Based on such facts, and because it is believed that this study has a considerable amount of pertinence, which may subsidize the implementation of public health policies affecting women detainees, it aimed to describe the epidemiological profile of female detainees in the Brazilian state of Paraíba.



This is a transversal, descriptive study, with a quantitative approach, performed between the months of June and October 2012 in four female detention units, which were subordinated to the State Secretary of Penitentiary Administration of Paraíba (SEAP, in Portuguese), located in the following cities: Campina Grande (CG), Cajazeiras (CZ), João Pessoa (JP) and Patos (PT).

The target population comprised 551 women who were being in detention at the moment the researchers arrived to collect data. The sample was calculated from the following formula: n = N. Z2.P(1-P)/(N-1). e2+ Z2. P(1-P), in which: n = size of the sample; N = value of the population; Z = confidence interval; P = prevalence; e = tolerated error, achieving a probabilistic n, corrected in 5% to compensate eventual losses or operational issues during research, reaching a total of 227 subjects. After that, a simple random sample was taken, based on a raffle performed by the software Microsoft Office Excel® 2007, proportional to the number of female detainees in each city, according to the following distribution: CG (n=25); CZ (n=10); JP (n=169); PT (n=24).

The criteria for inclusion of the subjects were: to be serving time in a closed system; to have a certain level of communication that would permit the application of the research instrument; and to accept participation in the study, by signing the Free and Clear Consent Agreement.

After recruiting, the subjects responded to a questionnaire composed of 21 questions, both open and close, divided into three groups: socio-demographic aspects (origin, age, marital status, partner, children, education, income, nature of the income); data referring to reasons for imprisonment (article of the Code of Laws/infraction, judicial situation of the imprisonment, visits received, work and school activities in the prison); and information about the detainee’s health (diagnosed diseases, healthcare follow-up, hospitalization records and smoking habits).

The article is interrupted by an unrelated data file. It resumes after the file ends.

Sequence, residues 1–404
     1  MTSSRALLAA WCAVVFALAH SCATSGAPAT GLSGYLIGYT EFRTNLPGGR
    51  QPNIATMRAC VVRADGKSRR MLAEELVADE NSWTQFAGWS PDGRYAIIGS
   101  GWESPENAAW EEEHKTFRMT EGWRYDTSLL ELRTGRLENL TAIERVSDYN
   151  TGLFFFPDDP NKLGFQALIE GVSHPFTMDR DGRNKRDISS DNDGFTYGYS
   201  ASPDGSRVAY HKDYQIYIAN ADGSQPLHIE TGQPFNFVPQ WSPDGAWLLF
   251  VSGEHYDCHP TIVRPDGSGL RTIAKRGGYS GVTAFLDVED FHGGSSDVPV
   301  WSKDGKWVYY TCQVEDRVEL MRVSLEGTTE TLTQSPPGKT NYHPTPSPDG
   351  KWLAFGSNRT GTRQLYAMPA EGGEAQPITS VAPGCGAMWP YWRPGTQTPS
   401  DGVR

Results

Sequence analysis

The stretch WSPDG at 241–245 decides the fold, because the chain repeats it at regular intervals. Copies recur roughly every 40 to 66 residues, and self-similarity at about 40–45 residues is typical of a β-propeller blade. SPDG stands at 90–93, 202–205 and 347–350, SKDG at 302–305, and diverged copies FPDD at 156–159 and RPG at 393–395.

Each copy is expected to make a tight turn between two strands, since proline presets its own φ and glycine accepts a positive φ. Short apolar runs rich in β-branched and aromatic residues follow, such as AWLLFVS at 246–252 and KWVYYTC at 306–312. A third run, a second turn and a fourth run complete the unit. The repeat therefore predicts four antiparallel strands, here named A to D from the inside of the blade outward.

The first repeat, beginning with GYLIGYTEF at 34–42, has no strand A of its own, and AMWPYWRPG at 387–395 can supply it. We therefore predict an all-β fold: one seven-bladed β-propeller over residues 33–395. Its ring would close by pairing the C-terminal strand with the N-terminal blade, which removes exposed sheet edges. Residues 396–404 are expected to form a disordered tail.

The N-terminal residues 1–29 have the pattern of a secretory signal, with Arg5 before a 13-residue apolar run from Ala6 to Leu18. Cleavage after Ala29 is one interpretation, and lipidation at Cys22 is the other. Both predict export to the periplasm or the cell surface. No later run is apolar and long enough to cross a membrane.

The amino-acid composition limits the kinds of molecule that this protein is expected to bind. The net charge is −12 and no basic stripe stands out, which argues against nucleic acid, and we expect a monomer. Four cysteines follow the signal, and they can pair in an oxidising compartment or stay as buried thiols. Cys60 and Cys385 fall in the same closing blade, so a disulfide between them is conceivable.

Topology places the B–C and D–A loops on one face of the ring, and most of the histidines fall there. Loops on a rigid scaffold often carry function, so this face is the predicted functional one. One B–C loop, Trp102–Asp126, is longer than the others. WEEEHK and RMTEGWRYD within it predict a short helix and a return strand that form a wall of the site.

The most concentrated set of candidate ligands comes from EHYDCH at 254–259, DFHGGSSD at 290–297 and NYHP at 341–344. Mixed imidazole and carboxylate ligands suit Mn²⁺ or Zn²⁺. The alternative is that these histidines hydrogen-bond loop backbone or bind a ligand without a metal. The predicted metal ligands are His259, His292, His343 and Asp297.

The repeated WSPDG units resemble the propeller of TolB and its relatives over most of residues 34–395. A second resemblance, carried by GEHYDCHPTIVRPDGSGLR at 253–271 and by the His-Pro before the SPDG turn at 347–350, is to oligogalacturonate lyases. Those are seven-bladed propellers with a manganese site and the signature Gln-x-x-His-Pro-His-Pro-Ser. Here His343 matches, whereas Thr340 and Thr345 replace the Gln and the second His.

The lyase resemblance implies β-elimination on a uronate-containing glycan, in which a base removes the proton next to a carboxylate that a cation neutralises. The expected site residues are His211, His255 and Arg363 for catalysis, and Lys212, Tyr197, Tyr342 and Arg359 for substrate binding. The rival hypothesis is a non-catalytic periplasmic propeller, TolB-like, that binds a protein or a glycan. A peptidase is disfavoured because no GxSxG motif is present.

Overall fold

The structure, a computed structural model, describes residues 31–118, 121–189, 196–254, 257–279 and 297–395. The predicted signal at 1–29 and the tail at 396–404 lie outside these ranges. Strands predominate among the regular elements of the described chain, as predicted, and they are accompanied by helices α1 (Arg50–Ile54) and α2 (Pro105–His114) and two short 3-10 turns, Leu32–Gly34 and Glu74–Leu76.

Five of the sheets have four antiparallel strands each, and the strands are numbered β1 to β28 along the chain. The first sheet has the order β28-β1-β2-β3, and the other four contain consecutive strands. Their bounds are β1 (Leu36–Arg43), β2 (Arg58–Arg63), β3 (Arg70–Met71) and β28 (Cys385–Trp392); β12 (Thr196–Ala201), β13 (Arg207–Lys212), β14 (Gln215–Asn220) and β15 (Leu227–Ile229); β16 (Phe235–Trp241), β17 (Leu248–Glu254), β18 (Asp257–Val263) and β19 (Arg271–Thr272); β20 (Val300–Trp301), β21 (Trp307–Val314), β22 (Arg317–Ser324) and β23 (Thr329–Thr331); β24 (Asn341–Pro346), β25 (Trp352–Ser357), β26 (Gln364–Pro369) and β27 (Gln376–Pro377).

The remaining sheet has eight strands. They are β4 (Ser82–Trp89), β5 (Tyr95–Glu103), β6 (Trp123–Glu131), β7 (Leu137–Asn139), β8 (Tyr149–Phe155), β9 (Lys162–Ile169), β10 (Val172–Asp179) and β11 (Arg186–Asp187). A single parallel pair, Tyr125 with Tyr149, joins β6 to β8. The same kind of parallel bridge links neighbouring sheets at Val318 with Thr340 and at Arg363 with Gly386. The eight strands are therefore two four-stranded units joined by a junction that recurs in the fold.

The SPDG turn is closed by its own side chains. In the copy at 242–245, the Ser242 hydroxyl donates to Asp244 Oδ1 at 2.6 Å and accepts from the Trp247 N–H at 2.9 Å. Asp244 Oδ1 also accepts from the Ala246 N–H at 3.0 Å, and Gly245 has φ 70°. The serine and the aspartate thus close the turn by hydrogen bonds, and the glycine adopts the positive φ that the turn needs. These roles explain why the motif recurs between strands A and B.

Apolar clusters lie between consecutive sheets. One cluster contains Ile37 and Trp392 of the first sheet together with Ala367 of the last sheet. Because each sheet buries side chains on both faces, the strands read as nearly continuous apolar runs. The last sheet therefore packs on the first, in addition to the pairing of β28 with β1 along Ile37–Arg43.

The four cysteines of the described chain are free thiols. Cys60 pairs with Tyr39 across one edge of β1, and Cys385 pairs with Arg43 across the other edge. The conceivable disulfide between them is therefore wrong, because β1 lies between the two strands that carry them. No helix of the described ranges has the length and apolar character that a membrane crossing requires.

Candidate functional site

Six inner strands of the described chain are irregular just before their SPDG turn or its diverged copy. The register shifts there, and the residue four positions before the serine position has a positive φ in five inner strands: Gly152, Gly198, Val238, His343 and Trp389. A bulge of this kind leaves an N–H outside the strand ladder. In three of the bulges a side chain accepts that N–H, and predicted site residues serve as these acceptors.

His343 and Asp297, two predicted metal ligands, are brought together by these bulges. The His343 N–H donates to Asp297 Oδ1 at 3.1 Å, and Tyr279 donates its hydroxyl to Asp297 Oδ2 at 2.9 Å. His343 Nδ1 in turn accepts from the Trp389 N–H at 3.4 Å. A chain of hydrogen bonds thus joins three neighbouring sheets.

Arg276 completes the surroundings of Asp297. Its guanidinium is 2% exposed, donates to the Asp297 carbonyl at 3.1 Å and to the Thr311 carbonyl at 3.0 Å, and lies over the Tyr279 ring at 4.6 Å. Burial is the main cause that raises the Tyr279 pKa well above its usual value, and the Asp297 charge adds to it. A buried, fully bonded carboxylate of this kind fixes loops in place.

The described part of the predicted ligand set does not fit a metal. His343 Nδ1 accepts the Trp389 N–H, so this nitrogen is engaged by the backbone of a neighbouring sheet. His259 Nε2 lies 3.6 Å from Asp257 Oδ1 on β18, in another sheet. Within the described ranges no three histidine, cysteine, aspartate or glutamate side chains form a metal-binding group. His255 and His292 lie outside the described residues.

It is important to mention that the above instrument was produced for this research, based on the Standardized General Records, recommended for use in health units inside prisons by the SEAP, as a pilot test was performed previously to test its applicability. The data obtained through this pilot test were discharged, and therefore, are not part of the conclusion of this study.

The data was collected by collaborators in this research in two moments: in the beginning, the penitentiary units were visited to learn the daily routine of the female detainees, to identify the pre-selected subjects after the raffle and to schedule the period in which to collect the data with those that fit into the criteria of inclusion previously mentioned; later on, the collection of data was formally completed. This last stage took place in a private room and under the escort of penitentiary agents.

The process of validation was implemented through independent double feed (typing) in two spreadsheets, and with the assistance of the software Statistical Package for Social Science (SPSS), version 10. The data was organized, and later analyzed, under descriptive standpoints to distribute the variables. In the bivariate analysis, the chi-square tests or Fisher’s exact tests were used, with a level of significance of 5% (p<0.05). There was also a prevalence rate (PR). The results were presented in tables, using the software MS-Excel® 2003.